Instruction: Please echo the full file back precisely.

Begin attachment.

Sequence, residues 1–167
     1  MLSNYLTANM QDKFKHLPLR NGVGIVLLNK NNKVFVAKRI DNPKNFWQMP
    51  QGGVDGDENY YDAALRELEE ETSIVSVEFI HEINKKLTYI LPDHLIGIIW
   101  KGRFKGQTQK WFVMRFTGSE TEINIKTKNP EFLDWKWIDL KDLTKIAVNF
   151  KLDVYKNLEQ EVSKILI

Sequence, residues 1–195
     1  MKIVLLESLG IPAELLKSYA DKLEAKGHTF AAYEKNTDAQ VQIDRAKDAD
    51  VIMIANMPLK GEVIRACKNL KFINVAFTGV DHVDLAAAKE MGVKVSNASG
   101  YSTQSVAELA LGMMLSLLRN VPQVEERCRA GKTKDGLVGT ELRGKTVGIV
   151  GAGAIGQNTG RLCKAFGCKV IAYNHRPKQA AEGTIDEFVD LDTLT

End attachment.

Sequence, residues 1–167
     1  MLSNYLTANM QDKFKHLPLR NGVGIVLLNK NNKVFVAKRI DNPKNFWQMP
    51  QGGVDGDENY YDAALRELEE ETSIVSVEFI HEINKKLTYI LPDHLIGIIW
   101  KGRFKGQTQK WFVMRFTGSE TEINIKTKNP EFLDWKWIDL KDLTKIAVNF
   151  KLDVYKNLEQ EVSKILI

Sequence, residues 1–195
     1  MKIVLLESLG IPAELLKSYA DKLEAKGHTF AAYEKNTDAQ VQIDRAKDAD
    51  VIMIANMPLK GEVIRACKNL KFINVAFTGV DHVDLAAAKE MGVKVSNASG
   101  YSTQSVAELA LGMMLSLLRN VPQVEERCRA GKTKDGLVGT ELRGKTVGIV
   151  GAGAIGQNTG RLCKAFGCKV IAYNHRPKQA AEGTIDEFVD LDTLT